Stevie's school days
In a revealing insight into how Steven Gerrard went from a being a waif-like youth player to the influential captain of today, we hear from his former teachers and coaches about how he showed potential from an early age.
Take a look at the photographs below. On first glance they probably appear much like any other team line-up shots. Young lads still developing into grown men; potential yet to be realised.
But take a closer look (click on the images for a bigger version) and you'll see a star in the making - our very own Steven Gerrard, before the trophies, the captain's armband and the England caps.
Most people's earliest memories of Gerrard begin on November 14 1998, when he came on as a late substitute against Blackburn Rovers to make his Reds debut.
He won over the Anfield crowd with a meaty tackle near the Kop end towards the end of the 2-0 victory that day, but we've delved even further back to a time when our future captain was worrying more about the wrath of his teachers than that of Rafael Benitez.
"The thing I remember most about him was his ability as a leader on the field," said Gerrard's former teacher at Huyton and Roby Primary, Gillian Morgan, who also coached the future Liverpool captain in the school football team.
"I think he started playing for the school team when he was nine years old and even then Steven was always trying to help others.
"His dad always said he was born with a football at his feet and I still think that is true.
"Off the field he was very quiet and well behaved. I have met him a few times and appeared on his DVD, Steven Gerrard: My Story'.
"It was really nice when he came back to the school as part of that DVD - he even asked me about members of my family and I was surprised he remembered them from all those years ago."
When he was 11 years old Gerrard moved to Cardinal Heenan High School, where he began his ascent through into the Liverpool schoolboys ranks.
As his year head and coach of the school team, Steve Monoghan saw Stevie go from a slight school player to a star of the Liverpool schoolboys side and reveals how his refusal to admit when a game is lost began at a very early age.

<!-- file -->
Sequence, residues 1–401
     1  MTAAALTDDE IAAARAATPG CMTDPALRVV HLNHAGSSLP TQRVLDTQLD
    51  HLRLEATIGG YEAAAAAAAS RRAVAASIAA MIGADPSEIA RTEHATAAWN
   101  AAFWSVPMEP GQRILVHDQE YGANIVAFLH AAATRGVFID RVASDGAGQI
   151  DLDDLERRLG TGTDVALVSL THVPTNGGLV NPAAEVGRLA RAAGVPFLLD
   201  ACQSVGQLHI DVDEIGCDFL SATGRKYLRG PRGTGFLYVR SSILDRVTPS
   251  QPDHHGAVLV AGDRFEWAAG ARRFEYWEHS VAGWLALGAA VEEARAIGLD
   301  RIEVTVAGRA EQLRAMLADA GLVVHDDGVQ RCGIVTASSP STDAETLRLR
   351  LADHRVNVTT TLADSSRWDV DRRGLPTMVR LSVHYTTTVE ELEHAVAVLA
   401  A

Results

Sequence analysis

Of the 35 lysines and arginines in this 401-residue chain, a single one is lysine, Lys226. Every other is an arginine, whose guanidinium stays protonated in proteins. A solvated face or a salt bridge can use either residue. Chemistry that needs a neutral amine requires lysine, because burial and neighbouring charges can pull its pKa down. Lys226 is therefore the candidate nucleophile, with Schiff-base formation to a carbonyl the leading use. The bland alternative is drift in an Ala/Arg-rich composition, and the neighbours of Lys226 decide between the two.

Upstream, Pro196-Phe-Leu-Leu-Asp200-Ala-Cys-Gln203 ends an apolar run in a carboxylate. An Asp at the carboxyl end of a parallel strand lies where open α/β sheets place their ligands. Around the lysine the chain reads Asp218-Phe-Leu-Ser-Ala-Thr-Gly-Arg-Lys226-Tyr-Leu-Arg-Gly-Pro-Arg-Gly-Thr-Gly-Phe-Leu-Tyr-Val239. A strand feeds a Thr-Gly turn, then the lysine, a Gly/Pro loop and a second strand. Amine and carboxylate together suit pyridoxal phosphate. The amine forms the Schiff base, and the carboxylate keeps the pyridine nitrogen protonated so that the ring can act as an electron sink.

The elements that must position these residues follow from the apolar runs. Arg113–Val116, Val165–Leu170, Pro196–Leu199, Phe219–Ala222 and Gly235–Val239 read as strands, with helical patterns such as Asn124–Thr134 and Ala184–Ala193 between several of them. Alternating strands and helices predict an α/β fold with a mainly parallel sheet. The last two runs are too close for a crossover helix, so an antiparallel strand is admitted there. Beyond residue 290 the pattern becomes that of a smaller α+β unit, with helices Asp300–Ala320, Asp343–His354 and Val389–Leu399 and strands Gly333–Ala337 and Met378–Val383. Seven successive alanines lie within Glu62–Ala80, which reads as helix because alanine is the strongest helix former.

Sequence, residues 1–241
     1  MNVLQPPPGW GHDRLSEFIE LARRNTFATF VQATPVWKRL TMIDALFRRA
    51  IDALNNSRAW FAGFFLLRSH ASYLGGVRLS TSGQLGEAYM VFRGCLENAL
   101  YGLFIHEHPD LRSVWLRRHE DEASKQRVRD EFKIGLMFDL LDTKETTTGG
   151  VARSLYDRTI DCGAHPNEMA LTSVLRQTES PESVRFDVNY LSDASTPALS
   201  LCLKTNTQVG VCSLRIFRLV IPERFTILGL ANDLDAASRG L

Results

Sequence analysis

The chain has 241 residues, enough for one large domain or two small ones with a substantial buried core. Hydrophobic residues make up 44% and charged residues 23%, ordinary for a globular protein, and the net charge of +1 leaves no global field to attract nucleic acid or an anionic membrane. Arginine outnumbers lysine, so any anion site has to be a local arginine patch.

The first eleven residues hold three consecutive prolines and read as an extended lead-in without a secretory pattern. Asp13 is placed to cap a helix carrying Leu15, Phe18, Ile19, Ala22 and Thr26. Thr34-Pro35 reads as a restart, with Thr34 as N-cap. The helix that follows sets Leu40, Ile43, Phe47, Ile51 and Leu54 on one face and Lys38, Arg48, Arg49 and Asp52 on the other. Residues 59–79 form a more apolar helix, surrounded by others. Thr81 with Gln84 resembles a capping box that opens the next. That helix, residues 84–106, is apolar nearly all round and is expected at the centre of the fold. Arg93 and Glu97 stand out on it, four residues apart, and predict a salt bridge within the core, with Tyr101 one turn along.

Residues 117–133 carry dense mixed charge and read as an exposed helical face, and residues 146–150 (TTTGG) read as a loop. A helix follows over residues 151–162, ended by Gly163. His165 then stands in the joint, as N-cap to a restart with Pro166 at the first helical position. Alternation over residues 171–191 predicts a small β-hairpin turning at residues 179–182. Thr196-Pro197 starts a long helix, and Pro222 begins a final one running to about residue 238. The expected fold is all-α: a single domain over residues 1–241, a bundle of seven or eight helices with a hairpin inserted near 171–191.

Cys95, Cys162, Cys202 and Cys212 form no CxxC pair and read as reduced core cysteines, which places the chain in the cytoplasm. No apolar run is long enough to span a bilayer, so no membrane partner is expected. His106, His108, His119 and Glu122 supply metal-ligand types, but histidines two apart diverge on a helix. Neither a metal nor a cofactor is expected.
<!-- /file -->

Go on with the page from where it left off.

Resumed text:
"Anyone could see Steve was a talented player, but he was never one to flaunt his talent. He knew he had ability, but he never showed off," said Monoghan.
"Many youngsters with his talent would stop trying at lessons, but Stevie didn't and finished school with five GCSEs at grades A-C.
"But he was head and shoulders above the rest of the players in his school team.
"I remember one game where we were losing 3-0 to Blue Coat in the Merseyside Under-13 Cup final. We ended up coming back to win 4-3 with Stevie scoring two of the goals.
"I thought back to that match at half-time when we were losing by the same scoreline in the 2005 Champions League final. He inspired a similar fightback that day too and has done it a few times since then."
Echo sports writer Tim Johnson coached Gerrard while he was playing for the Liverpool Schools team and said: "I first became aware of Steven Gerrard in 1992 when the head of PE Eric Chadwick at his then school Cardinal Heenan High told me of a gifted 12-year-old footballer they had.
"I was to be the manager of the Liverpool Schools Under-14 team (pictured above) when Steven reached that age and I remembered the name and looked forward to having him as a member of the squad.
"But his talent could not be held back and the school nominated him for the city team 12 months earlier than expected.
"The most impressive feature of Steven's play at the time was his speed of thought.
"He could evaluate a situation and take advantage quicker than any schools footballer I had seen.
"The young Gerrard was also a very good tackler. Even when playing against bigger boys he had the courage to put his foot in and he obviously retains that today."
After that Gerrard continued his development and quickly joined up with the Under-15s schoolboy side.
Johnson also went on to coach that team, but admits that Gerrard went through a frustrating season that year.
"At first things went well for him and I can remember him scoring the winning goal against West Lancs in one of the earlier rounds of the English Trophy," added Johnson.
"But a series of injuries meant he failed to win an England Schoolboy Cap, the only level at which he has not received international recognition."
And despite being pursued by a host of Premier League clubs at the time, Steven signed for Liverpool shortly after the schoolboys team were knocked out of the Cup at the quarter-final stage.
"I have met him occasionally since those early days and he always has time to chat," said Johnson.
"It would have been impossible to forecast back then how far he would go in the game - I am delighted for him."
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